Kelty Journey PerfectFit Review
Pros: Comfortable for parents and kids, easy to use
Cons: Limited storage and no organizer, no canopy or hydration option
Compare to Similar Products
Our Analysis and Test Results
In 1952, Dick Kelty began making backpacks in his garage for friends. He made welded frames while his wife sewed. Kelty backpacks were utilized by the First American ascent on Mount Everest West Ridge in 1963. By the late 70s, Kelty was making Gore-Tex clothing and six new daypacks. In the early 90s, Kelty began creating child carriers. By 1999, Kelty expanded the kid carrier line to 6 designs.
The PerfectFit is significantly more comfortable to wear than the previous Kelty base pack.
This pack is a comfy fit with nicely padded straps and a thick waistband (below left) with enough adjustment to sit on your hips. Both straps have a stiff structure to help support the baby's weight but it isn't as substantial as other Keltys.
The shoulder straps aren't as adjustable as some of the competition, but they do have the load lifter adjustment (above right) that allows some of the weight of the pack to rest more on your hips than shoulders.
The back of the PerfectFit is padded and covered in breathable material, but the design isn't as breathable as the competition that offers channels for airflow. The lack of flow could lead to a sweaty back.
The torso adjustment is easy to manage and has a range of 4.5 inches, which should be enough for those of average height. Despite the range and the ability to adjust on-the-go, shorter users might end up with the bottom of the carrier resting on the top part of the rear end, while taller users can feel like the torso isn't long enough for all-day comfort.
The PerfectFit is equally comfortable for little passengers.
Child comfort is critical to keeping little ones content and preventing discomfort related to crying and shifting. All of the cockpit and harness adjustments on the PerfectFit operate smoothly, even with the baby in the seat.
The cockpit has padded shoulders in the 5-point harness, and the adjustment doesn't impede comfort and it has covered hard clips. The cockpit is roomy enough for movement but not so roomy that the passenger is floppy or feels like they will fall out. The seat is well-padded and substantial with a structure that doesn't fold under the baby's weight. It has padding where the legs come out making it more comfortable for hanging legs. The seat is easier to raise up than lower, so it may be easiest to make large adjustments before you put your baby in the pack.
The face pad is cushioned and covered in soft fabric. It is somewhat angled for a more ergonomic napping position when little ones fall asleep and fall forward. The pad is removable for easy cleaning which it will regularly need after napping or eating. You can feel the frame under the pad, but it isn't as significant as some of the competition.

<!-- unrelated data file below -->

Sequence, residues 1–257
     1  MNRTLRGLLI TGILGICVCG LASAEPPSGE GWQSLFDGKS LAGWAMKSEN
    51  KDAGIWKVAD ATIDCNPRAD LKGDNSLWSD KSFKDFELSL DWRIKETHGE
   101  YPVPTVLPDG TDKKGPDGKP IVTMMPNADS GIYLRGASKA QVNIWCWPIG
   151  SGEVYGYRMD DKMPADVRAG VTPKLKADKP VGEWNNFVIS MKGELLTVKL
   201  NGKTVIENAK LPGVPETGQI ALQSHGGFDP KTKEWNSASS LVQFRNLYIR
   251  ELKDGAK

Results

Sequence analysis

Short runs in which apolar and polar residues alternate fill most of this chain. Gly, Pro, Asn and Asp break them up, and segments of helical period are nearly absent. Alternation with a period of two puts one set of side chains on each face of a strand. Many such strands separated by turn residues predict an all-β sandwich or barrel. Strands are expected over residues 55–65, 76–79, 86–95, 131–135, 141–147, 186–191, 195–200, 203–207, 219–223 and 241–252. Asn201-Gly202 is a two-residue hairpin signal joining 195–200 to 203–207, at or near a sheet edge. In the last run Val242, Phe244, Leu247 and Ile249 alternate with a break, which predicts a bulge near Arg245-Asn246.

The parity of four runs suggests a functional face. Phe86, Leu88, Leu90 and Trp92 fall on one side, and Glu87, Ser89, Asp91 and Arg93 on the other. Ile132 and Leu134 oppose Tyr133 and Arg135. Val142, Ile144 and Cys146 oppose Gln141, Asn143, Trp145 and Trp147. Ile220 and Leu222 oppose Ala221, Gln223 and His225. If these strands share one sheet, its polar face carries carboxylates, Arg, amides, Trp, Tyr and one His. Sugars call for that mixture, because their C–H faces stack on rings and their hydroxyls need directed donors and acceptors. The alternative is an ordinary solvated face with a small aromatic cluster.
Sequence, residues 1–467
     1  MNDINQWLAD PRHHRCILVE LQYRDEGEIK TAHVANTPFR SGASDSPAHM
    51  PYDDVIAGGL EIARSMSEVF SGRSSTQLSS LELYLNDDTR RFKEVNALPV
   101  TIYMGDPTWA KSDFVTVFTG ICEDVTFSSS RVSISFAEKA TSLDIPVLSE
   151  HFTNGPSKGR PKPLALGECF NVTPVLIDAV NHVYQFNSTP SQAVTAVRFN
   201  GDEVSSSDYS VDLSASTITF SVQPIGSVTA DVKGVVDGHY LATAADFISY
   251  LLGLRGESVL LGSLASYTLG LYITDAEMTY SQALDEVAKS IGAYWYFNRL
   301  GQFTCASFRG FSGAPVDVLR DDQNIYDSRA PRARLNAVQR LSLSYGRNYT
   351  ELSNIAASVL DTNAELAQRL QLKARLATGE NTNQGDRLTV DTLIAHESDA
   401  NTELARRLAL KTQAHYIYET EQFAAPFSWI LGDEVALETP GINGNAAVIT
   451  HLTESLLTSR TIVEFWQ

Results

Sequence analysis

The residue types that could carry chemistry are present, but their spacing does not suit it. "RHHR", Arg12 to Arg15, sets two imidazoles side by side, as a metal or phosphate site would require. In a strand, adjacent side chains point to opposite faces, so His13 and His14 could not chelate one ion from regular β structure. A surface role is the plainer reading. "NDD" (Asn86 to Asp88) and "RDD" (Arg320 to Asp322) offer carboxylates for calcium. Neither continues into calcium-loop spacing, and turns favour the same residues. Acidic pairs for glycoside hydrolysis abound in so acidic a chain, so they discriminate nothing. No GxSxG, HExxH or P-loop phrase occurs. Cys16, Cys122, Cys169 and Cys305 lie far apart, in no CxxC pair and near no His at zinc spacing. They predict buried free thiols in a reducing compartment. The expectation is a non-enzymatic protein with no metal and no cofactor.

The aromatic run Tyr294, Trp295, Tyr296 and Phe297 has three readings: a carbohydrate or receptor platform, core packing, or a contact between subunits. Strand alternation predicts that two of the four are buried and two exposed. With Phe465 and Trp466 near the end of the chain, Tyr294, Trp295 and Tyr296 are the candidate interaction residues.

The PerfectFit has stirrups unlike its predecessor, and while not all children use them, it is nice to have the option to prevent dangling legs.
This pack does not come with a canopy, so we urge parents to consider purchasing the canopy listed in accessories below or ensure that little ones are wearing sunhats to prevent sun exposure.
Ease of Use
The PerfectFit is also easier to use than the pack it replaces and much of the competition.
Adjustment of the shoulder straps move smoothly, and the buckles work well with on-the-go adjustability. The torso strap is adjustable when the pack is on, and the waistband is also smooth with a clasp you can operate with one hand in a forward pull motion that requires less effort than back pul designs.
Both the chest clip (above left) and waistbelt (above right) can be adjusted on the go. They have smooth moving belts, and the buckles work well on both.
To adjust the child harness, you use the single internal buckle adjustment (above left) to tighten and loosen. This process is easy to do even with a baby in the cockpit. Moving the seat up and down is done with the adjustment slide on the back of the pack in a pocket behind the seat back (above right). It is easier to raise the seat than to lower it.
This pack has double carry handles on the front and back of the carrier. It is lightweight and the handles work well. The leg brace pops out from the back and creates a stable base.
The PerfectFit has more pockets than the previous base model but not as many as some competitors.
Multiple and versatile storage options can be the difference between a short jaunt and a more extended hike. If you don't have enough space for your supplies, you'll be taking a shorter trip or carrying an extra pack. This pack does not have water bottle storage or a place for a hydration bladder.
The main storage option on this pack is located on the back with only one waistband pocket within reach of the wearer. The waistband pocket is small with an elastic top and no zipper. It is large enough to fit the average size smartphone, but without a zipper, it could potentially fall out while hiking.
The PerfectFit has one large compartment that is similar in size to the combination of the two compartments found on the PerfectFit Elite. It is large enough to hold most of the supplies you'll need for hiking. However, with a lack of internal dividers or pockets, it can be an organizational nightmare that requires significant searching to find what you are looking for. You'll need help accessing the contents, or you'll have to remove it to reach your supplies.
— Juliet Spurrier, MD and Wendy Schmitz